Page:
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Office of Inspector General Worked with CHS to Save Taxpayers from $1.3 Million in Fraudulent Grant Applications

The Clerk’s Office of Inspector General (OIG) recently conducted training for approximately 45 members of the Board of County Commissioner’s Community and Human Services (CHS) staff and the Clerk’s Finance staff, to review the results of the OIG investigations into grant applications referred to the OIG by departments. The grant applicants were requesting financial assistance under the federal Emergency Rental Assistance program, which makes funding available to assist households that are unable to pay rent or utilities as a result of COVID-19. 

These grant requests were initially flagged by the CHS staff and referred to the OIG starting in April 2022. To date, 76 grant applications were referred, totaling $1,373,792.91Only one application for $3,200 was subsequently cleared for payment by the OIG. 

Of the applications submitted, the OIG discovered that the identities of three Collier County residents and one Miami-Dade County resident were stolen and utilized on two Collier ERAP applications. Two individuals were turned over to law enforcement and subsequently arrested on this case. 

The remaining grant applications were not cleared for payment, due to apparently fraudulent information identified. Staff were alerted to several indicators of fraud in these grant requests including:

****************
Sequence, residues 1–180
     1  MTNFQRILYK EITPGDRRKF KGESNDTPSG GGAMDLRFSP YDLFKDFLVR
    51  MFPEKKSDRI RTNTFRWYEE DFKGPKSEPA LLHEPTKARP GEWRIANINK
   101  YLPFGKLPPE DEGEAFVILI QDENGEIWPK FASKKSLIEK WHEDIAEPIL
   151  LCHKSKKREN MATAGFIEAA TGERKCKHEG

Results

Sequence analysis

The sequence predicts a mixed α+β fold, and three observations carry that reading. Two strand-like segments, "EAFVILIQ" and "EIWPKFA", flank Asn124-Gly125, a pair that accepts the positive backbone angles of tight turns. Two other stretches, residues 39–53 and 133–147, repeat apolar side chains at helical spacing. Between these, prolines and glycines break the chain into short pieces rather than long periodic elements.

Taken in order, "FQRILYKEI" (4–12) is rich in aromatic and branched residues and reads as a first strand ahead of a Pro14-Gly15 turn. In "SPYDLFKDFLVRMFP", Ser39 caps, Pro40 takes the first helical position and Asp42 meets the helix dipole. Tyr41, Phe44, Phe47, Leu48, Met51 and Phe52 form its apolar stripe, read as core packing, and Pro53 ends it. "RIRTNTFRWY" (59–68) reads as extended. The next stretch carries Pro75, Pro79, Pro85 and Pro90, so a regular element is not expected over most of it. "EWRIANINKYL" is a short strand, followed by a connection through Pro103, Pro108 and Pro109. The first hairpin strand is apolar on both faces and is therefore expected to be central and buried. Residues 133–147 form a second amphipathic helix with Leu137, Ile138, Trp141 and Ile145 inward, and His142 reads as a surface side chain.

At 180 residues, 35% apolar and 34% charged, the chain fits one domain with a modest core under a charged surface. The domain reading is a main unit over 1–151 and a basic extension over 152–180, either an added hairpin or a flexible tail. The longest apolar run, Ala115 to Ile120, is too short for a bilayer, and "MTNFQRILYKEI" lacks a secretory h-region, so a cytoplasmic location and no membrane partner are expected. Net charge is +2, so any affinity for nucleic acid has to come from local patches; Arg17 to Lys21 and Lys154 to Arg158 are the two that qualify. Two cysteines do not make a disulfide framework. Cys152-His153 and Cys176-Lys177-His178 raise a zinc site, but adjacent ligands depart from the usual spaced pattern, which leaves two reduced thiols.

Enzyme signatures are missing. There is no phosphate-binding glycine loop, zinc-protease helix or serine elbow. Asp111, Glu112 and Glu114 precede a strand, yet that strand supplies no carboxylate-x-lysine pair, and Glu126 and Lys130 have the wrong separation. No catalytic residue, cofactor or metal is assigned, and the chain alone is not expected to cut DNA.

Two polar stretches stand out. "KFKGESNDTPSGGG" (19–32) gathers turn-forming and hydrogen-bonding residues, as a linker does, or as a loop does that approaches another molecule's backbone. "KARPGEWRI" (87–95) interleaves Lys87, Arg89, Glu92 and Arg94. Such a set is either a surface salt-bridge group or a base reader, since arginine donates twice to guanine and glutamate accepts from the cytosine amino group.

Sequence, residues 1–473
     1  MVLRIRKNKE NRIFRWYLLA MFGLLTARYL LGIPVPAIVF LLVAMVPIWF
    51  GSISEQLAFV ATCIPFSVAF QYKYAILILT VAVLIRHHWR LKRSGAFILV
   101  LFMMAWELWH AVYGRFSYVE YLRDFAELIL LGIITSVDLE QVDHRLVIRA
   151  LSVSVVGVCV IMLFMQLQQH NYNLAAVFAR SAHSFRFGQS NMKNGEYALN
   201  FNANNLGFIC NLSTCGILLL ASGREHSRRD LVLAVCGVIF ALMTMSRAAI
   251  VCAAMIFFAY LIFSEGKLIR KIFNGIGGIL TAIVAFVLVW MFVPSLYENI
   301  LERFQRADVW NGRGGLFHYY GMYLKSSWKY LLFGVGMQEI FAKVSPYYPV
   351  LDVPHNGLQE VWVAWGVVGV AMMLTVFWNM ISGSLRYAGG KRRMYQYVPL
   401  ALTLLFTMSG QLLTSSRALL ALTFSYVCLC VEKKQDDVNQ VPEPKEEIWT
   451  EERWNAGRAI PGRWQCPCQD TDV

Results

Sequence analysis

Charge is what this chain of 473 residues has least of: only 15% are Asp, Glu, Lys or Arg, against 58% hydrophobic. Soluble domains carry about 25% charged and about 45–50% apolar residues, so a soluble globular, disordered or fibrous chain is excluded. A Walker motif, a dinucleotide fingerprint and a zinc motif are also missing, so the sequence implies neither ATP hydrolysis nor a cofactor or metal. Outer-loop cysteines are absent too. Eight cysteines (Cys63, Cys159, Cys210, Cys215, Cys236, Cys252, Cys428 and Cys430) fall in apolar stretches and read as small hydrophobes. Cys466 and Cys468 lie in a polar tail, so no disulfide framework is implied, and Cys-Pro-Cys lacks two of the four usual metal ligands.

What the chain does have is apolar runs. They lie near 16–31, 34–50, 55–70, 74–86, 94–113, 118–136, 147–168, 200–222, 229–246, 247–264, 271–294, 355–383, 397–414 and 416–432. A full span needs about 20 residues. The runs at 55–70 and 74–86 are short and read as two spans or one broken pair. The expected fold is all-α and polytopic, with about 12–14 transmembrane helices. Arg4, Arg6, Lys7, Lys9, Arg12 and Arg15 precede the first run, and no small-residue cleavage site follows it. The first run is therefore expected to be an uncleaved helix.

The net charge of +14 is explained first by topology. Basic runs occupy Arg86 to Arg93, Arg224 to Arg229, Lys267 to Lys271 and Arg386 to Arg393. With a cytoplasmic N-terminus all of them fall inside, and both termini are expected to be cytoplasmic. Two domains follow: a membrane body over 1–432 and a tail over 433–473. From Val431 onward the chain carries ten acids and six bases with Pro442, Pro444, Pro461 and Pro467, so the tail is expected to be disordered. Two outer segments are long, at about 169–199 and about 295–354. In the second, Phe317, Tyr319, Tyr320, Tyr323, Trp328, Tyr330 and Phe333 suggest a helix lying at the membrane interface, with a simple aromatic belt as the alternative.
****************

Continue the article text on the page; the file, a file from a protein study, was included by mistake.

• Counterfeit driver’s licenses or state identifications 
  • Inconsistent supporting documentation  
  • Supporting documents that appeared to be “created” or altered  
  • Counterfeit documents created to justify the required COVID-19 Impact justification of loss or reduction of hours of employment 
  • “Created” templates used for lease/rental agreements and rental ledgers
  • Past due rent requested which was inconsistent with the value of the property (such as $1,900 in monthly rent requested for a home valued at $12.6 million)     
  • Unusual contact information provided for landlords or property managers  
  • Incomplete, inaccurate and altered IRS tax returns  
  • Inconsistencies with notaries used to attest to documents filed 

OIG Senior Investigator Ramos reviewed samples of these instances of fraud in his presentation, and he provided specific recommendations for staff to assist them in identifying potentially fraudulent claims in the future. Staff were encouraged to continue to seek assistance from the OIG if they questioned specific requests, or if they determined the applications to be fraudulent.   

The OIG continues to collect information about potentially fraudulent filings to review for commonalities, and to determine if there is enough evidence to refer to law enforcement. Additionally, the OIG has discussed our findings with other inspectors general throughout the state, and assembled action items to help identify and deter future fraudulent submissions. 

If you witness fraud, waste, abuse, mismanagement or misconduct in Collier County government processes, you are encouraged to report it online here. 

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